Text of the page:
Tell us a fun fact about yourself
I have a cat called Mocha, whom I love very much.
Tell us about your career journey so far
I did my schooling in Ireland, before moving to Scotland for my undergraduate degree, Geology and Petroleum Geology BSc at the University of Aberdeen. In my final year, I had a placement at Shell, here I discovered that Petroleum didn’t inspire me. I had taken elective physics courses during my undergraduate, which lead me to choose a postgraduate degree, Planetary Science MSc at University College London.
What was your favourite subject in school and why?
At GCSE level I loved geography, but not the human side of it. I moved schools so that I could take an A-Level in Geology, as it seemed like a good fit for the physical side of geography. This was my best grade and favourite subject, so I decided to do it at the undergraduate degree level.
What subjects/qualifications are useful in your role?
Taking Maths, Biology, Chemistry and Geology at A-Level in school helped me have a good scientific understanding to tackle all aspects of geology. I wish that I had taken physics, but I was able to catch up on this knowledge during my undergraduate by taking electives. My master’s degree is in the school of Physics.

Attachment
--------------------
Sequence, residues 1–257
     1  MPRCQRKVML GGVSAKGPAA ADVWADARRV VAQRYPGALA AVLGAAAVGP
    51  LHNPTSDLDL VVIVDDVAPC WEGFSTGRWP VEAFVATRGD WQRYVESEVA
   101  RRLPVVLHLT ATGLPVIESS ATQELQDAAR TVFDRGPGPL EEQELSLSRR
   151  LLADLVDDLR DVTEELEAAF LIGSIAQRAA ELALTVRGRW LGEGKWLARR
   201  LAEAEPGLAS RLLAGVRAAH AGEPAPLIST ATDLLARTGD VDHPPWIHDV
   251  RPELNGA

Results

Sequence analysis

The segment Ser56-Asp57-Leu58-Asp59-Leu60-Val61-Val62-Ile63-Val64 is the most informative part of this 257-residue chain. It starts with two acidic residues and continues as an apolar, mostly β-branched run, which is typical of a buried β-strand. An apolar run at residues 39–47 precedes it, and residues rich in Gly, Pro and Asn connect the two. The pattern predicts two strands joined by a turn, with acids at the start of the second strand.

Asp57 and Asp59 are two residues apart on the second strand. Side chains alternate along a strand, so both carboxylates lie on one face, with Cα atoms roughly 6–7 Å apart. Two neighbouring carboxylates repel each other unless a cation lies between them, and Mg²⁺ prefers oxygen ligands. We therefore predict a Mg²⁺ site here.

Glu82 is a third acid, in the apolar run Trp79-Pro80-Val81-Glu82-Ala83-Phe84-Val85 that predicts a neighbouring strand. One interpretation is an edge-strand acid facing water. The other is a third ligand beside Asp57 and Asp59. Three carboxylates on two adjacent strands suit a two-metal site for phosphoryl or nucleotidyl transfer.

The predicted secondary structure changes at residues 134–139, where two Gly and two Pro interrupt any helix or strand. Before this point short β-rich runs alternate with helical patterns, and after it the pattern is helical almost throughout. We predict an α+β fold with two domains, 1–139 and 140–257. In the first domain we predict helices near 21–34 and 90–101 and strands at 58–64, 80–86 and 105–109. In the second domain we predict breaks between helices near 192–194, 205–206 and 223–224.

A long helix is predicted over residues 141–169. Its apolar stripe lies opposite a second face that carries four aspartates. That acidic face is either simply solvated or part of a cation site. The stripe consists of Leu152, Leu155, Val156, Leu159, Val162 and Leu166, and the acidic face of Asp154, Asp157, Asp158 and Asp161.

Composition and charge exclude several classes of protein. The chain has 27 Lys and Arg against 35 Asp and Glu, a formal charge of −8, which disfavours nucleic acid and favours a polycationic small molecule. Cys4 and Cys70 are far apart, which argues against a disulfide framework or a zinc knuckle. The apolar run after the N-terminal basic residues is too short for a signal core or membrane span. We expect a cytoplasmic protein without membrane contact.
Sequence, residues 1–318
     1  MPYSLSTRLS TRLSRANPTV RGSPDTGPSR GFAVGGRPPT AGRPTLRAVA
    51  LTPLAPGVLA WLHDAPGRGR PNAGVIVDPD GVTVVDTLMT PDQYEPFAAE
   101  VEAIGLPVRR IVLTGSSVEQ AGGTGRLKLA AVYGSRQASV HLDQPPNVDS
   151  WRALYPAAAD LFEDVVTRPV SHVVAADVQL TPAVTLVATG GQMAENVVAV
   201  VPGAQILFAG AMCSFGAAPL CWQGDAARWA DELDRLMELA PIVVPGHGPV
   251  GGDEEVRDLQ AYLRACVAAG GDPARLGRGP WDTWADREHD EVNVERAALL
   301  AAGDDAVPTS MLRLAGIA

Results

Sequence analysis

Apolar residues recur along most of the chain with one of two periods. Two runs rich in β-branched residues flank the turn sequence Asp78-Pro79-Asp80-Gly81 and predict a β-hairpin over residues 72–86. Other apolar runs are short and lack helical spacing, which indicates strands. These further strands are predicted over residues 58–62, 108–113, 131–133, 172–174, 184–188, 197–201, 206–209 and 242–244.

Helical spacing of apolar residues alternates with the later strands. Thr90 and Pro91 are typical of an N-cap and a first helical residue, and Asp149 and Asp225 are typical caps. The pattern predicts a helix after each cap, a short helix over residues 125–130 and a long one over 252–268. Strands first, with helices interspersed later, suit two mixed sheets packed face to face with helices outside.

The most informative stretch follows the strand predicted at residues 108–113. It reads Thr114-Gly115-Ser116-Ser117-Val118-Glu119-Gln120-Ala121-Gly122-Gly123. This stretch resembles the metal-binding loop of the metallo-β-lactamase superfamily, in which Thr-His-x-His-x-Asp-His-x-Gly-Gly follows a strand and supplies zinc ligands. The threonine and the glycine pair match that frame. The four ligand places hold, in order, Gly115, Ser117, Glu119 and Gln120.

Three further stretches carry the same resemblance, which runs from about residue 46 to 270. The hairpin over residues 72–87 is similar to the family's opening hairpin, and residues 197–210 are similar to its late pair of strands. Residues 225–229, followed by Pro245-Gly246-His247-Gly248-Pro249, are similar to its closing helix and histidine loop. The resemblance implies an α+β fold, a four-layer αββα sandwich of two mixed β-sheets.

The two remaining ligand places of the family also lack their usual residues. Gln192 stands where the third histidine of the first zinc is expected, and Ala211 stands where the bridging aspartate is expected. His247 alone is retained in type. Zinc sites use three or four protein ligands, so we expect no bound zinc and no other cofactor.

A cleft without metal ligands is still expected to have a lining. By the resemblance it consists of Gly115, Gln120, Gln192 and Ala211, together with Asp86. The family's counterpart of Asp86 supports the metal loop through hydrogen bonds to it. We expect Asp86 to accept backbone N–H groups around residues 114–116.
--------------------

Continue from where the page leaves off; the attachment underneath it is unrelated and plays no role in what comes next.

What is your favourite thing about your job?
I love to continue to learn and contribute to scientific research and development. Even the smallest discovery or research will help contribute to massive scientific breakthroughs in the future.
What is a normal day in your role like?
Geology is incredibly diverse, you can be working on a computer program, in a scientific laboratory running experiments or out in a desert doing fieldwork. I love that geology can be explored in so many ways.
Suggest an activity that could be done at home that illustrates an aspect of your work?
Geology is so accessible! Before I even knew what geology was, I was doing it. Go outside to a beach, a mountain or any place where there is exposed rocks. Here you can investigate the local geological history by collecting rocks, drawing samples and investigating what each one is made of! If you are lucky there might even be some fossils! You can check out your local geology on this interactive map so you know what to look out for in the field https://mapapps.bgs.ac.uk/geologyofbritain/home.html